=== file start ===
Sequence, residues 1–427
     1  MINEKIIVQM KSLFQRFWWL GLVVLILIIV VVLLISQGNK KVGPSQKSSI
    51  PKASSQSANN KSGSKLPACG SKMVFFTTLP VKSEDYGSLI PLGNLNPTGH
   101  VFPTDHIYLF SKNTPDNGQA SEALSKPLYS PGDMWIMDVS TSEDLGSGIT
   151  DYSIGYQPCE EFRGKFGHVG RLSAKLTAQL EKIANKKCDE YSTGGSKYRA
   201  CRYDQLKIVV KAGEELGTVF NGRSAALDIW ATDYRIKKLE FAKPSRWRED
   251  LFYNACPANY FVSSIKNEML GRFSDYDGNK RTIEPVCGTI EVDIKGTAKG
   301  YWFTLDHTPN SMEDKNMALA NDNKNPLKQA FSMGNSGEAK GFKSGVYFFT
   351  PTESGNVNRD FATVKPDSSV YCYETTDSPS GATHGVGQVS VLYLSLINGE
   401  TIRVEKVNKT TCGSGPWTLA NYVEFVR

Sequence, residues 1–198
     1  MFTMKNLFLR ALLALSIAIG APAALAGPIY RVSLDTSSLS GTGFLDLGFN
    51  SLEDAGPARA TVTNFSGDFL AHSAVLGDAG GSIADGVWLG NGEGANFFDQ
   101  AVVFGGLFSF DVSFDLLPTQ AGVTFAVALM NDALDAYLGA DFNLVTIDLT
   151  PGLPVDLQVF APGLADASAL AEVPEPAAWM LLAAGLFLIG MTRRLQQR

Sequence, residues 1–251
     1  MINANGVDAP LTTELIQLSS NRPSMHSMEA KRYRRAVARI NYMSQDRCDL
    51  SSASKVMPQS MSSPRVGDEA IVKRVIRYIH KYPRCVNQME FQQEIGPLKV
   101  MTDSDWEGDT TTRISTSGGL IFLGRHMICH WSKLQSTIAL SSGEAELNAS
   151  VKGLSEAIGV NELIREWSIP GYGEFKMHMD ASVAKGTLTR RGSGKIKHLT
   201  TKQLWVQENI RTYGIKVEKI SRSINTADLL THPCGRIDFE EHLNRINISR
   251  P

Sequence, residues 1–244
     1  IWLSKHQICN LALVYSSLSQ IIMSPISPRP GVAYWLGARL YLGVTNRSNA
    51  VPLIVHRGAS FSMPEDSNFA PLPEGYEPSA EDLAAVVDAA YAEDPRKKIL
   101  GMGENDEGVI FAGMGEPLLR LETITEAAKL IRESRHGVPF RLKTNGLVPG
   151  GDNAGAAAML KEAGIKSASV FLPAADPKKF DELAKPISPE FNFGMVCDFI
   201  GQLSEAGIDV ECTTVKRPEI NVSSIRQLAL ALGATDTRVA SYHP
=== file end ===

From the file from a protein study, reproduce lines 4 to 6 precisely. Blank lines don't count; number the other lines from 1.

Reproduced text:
   101  VFPTDHIYLF SKNTPDNGQA SEALSKPLYS PGDMWIMDVS TSEDLGSGIT
   151  DYSIGYQPCE EFRGKFGHVG RLSAKLTAQL EKIANKKCDE YSTGGSKYRA
   201  CRYDQLKIVV KAGEELGTVF NGRSAALDIW ATDYRIKKLE FAKPSRWRED